Dubious Methods

The UFCW’s random strikes against Walmart might be illegal.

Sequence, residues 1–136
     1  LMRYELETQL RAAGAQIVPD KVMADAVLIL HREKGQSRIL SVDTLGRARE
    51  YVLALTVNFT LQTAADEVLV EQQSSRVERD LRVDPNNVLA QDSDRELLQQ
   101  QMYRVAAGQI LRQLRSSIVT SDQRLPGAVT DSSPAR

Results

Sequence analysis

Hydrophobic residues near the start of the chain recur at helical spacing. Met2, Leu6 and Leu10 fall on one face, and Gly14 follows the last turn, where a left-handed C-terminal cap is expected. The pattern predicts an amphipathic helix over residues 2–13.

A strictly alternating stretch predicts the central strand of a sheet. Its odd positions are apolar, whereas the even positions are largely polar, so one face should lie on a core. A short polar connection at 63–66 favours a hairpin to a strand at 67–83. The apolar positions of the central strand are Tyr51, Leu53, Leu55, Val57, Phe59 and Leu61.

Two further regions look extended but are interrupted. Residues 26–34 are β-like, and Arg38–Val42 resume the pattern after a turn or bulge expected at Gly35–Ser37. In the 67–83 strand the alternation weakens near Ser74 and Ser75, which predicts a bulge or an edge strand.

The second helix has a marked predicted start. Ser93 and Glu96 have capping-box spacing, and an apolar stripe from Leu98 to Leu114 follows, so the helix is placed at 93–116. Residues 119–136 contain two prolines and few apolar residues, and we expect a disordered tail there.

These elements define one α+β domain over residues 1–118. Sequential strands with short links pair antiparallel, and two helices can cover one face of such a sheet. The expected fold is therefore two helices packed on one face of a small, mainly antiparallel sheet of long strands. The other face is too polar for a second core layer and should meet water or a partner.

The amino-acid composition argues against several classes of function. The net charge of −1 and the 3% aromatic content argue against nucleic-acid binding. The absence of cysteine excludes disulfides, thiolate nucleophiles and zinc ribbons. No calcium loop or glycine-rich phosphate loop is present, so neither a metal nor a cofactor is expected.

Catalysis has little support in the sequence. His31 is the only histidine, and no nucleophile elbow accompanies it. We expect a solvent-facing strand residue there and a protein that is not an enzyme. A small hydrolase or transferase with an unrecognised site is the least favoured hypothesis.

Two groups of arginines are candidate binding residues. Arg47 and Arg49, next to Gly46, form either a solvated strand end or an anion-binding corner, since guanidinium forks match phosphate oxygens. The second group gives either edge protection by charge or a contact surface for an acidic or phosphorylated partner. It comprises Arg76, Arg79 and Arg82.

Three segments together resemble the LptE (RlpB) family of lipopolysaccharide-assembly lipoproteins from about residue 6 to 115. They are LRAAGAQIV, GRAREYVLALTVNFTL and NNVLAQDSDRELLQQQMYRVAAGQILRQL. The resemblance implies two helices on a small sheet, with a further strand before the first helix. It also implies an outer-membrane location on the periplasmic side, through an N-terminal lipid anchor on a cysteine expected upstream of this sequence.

Can Walmart workers have it both ways? A labor “tactic du jour” is intermittent one-day strikes. Historically, employees can work or strike, but they can’t lawfully do both: so-called “intermittent” strikes have not been legally protected. But one-day protests have been the hallmark of a campaign by Our Walmart, which is affiliated with and funded by the United Food and Commercial Workers union (one-day protests are also a hallmark of the “Fight for $15” and affiliated campaigns against retailers and fast food chains). Walmart allegedly warned its would-be strikers in advance of their walkouts that it considered their activity to be “unprotected,” and then disciplined or discharged some of the employees for attendance policy violations. Not surprisingly, Walmart is now defending against an NLRB complaint. According to Walmart (and prior case law), the workers have a right to strike, but they don’t have the right to intermittently strike and “come back” to disrupt the business. On the other hand, Our Walmart and the Board General Counsel apparently contend that the walkouts are protected Section 7 activity, regardless of length and frequency, thus setting up a test case before the Board in somewhat uncharted waters. Unions and worker centers like the tactic because it can, as a practical matter, effectively prevent the replacement of economic strikers. The current NLRB majority will no doubt be receptive to the union argument, as its effort to increase the power of organized labor has been anything but intermittent. How a federal circuit court will view the tactic is less clear.

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